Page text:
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A permanent resident (called lawful permanent resident or LPR) or conditional resident (CR) who has remained outside the U.S. for longer than one year, or the validity of green card or one year whichever shorter (for conditional resident), or beyond the validity period of a Re-entry Permit, will require a new immigrant visa to enter the United States and resume permanent residence. A provision exists under U.S. visa law for the issuance of a returning resident special immigrant visa to an LPR who remained outside the United States due to circumstances beyond his/her control. This webpage is about Returning Resident Visas. If you are an LPR unable to return to the U.S. within the travel validity period of the green card (1 year) or the validity of green card or one year whichever is shorter (for conditional resident), the validity of the Re-entry Permit (2 years), you may be eligible and can apply in Ciudad Juarez for a Returning Resident (SB-1) immigrant visa.
If your application for returning resident status is approved, this eliminates the requirement that an immigrant visa petition be filed on your behalf with the Department of Homeland Security (DHS), U.S. Citizenship and Immigration Services (USCIS). You will need to be interviewed for both your application for returning resident status, and usually later for the immigrant visa. An SB-1 applicant is required to establish eligibility for an immigrant visa and have a medical examination.
Qualifications for Returning Resident Status
Under provisions of immigration law, to qualify for returning resident status, you will need to prove to the Consular Officer that you:
Spouse or Child of a Member of the U.S. Armed Forces or Civilian Employee of the U.S. Government Stationed Abroad – Please review the exemption for the spouse or child of a military member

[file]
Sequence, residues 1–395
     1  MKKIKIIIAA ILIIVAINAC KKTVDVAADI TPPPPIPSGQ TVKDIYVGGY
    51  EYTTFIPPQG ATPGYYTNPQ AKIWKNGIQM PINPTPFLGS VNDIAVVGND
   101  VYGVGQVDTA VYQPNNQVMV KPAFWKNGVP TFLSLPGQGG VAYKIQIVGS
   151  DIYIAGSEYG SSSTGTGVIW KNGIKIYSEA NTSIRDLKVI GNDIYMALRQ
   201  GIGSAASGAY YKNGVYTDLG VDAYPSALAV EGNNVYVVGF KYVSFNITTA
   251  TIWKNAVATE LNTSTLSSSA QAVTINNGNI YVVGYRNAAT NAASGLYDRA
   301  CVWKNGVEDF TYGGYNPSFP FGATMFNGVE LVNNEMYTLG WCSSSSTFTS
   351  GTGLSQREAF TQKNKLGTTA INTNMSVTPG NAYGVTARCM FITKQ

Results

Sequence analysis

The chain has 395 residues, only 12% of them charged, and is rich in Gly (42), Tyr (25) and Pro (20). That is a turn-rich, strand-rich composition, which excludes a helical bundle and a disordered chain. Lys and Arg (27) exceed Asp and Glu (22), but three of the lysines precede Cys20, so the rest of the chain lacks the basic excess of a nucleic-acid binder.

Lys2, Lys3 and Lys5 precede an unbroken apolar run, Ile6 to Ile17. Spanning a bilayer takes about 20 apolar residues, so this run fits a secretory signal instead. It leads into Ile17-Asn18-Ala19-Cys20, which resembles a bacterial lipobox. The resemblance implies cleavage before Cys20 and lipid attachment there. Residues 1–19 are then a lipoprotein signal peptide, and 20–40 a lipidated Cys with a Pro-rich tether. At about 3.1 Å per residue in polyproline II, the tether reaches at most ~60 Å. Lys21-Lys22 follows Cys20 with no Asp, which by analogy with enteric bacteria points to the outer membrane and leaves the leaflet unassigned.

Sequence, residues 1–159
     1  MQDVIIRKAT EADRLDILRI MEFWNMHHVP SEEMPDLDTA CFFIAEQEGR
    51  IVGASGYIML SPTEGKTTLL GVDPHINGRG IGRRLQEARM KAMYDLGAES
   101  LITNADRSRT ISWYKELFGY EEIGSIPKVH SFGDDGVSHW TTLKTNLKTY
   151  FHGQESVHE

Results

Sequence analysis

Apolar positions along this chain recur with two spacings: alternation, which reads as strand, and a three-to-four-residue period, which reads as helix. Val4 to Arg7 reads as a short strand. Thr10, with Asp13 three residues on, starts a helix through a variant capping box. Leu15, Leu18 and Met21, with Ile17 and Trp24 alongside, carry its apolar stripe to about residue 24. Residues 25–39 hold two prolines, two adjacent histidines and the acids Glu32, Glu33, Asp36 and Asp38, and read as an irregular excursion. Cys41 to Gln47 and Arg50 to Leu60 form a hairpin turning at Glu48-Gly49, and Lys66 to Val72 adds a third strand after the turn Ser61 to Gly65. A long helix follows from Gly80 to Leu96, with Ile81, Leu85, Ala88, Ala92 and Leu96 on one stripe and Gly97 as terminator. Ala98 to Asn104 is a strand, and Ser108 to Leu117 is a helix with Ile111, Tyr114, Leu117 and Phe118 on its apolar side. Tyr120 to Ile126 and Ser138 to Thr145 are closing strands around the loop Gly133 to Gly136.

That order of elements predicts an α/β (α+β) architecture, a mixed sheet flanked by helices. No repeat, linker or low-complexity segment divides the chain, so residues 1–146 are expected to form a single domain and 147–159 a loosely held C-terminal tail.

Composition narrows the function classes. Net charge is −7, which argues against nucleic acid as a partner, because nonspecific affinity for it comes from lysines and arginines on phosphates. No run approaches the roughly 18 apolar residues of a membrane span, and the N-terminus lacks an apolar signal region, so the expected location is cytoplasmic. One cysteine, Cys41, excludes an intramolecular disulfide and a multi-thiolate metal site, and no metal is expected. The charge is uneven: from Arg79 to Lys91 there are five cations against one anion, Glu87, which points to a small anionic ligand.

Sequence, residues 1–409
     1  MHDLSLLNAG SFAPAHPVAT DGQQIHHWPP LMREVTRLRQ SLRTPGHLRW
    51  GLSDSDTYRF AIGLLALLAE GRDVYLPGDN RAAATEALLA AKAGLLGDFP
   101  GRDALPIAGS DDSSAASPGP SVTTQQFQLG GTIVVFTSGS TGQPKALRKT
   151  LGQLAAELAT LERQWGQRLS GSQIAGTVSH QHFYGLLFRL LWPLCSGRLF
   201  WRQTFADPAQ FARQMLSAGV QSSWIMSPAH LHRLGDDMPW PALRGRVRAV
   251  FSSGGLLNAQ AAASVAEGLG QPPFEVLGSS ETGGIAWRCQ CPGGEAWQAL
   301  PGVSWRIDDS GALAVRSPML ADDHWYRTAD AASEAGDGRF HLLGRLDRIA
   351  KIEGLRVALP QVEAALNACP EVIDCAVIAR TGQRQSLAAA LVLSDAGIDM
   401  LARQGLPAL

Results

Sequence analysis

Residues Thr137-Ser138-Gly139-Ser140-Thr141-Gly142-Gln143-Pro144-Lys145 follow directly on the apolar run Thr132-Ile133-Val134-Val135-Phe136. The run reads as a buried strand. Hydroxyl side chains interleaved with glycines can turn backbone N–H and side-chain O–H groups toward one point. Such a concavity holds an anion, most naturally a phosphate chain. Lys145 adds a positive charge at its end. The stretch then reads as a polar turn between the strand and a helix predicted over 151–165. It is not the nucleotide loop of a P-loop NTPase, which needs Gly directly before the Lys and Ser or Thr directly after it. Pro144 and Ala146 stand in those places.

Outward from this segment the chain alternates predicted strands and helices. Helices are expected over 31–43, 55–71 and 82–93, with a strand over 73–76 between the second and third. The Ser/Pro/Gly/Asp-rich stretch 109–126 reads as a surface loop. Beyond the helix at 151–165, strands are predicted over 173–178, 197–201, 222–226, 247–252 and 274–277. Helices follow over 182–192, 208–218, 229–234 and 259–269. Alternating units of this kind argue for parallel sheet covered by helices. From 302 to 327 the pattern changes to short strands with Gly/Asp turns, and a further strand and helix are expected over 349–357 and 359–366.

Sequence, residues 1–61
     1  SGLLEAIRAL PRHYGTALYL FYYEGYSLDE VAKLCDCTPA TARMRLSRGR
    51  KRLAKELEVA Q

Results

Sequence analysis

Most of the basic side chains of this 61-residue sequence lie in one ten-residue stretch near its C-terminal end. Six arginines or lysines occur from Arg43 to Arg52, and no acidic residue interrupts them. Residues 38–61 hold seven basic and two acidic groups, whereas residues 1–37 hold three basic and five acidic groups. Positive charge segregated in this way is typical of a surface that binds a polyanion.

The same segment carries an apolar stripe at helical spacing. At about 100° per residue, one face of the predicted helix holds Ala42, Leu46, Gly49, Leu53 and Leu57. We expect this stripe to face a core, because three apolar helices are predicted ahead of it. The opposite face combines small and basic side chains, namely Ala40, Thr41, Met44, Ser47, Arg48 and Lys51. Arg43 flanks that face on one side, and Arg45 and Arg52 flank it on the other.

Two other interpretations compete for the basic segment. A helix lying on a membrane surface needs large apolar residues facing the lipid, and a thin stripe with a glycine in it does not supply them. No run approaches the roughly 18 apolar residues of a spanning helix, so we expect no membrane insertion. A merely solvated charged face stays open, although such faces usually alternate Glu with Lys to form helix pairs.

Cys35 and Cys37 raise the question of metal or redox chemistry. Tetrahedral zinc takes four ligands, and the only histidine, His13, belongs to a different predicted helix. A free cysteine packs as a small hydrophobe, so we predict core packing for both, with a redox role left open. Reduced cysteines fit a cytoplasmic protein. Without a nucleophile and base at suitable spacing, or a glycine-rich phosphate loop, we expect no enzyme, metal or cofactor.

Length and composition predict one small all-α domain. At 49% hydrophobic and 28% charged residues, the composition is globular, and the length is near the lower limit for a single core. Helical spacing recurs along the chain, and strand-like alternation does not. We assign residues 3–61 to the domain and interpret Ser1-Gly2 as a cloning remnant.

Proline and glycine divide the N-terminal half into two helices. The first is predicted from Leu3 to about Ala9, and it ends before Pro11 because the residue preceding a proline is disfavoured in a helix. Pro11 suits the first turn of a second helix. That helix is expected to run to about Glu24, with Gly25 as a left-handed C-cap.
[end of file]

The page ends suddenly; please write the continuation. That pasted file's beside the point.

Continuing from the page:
Military Family Members Traveling to United States on Expired Permanent Resident Card (Green Cards) I-551
A noncitizen spouse or minor child, previously admitted to the United States as an immigrant, may be admitted to the United States even if he/she is in possession of an expired Green Card, if he/she is the spouse or minor child of a U.S. military service member or of a direct hire U.S. Government Civilian employee who has been overseas on U.S. Government orders.
Please read the State Department Memo (PDF 96KB) for details. Be sure to print out a copy of this letter and carry it with you when entering the United States.
Conditional Resident Status for Military Family Members: (CR-1/2 or CR-6/7)
If you have a conditional resident card, a petition Form I-751 must be filed to remove conditions on residence within 90 days prior to the expiration date. In order for the USCIS office to recognize military or government orders, you must indicate on top of Form I-751, “ACTIVE MILITARY” or “GOVERNMENT ORDERS” and submit a copy of the spouse’s current military or government orders. For more information, please contact USCIS, US Citizenship and Immigration Serivces via military help line .
Naturalization of Family Members of U. S. Citizens Deployed Abroad:
If you are a U.S. citizen member of the U.S. Armed Forces and are or will be deployed abroad by the Armed Forces for at least one year, your family members may be eligible for expedited naturalization after completing the immigrant visa process. For information, refer to the USCIS brochure Naturalization Information for Military Personnel or check with your base legal office.
Base Legal Offices:
Members of the military may be able to seek assistance of the base legal affairs office on an immigrant petition and an immigrant visa application.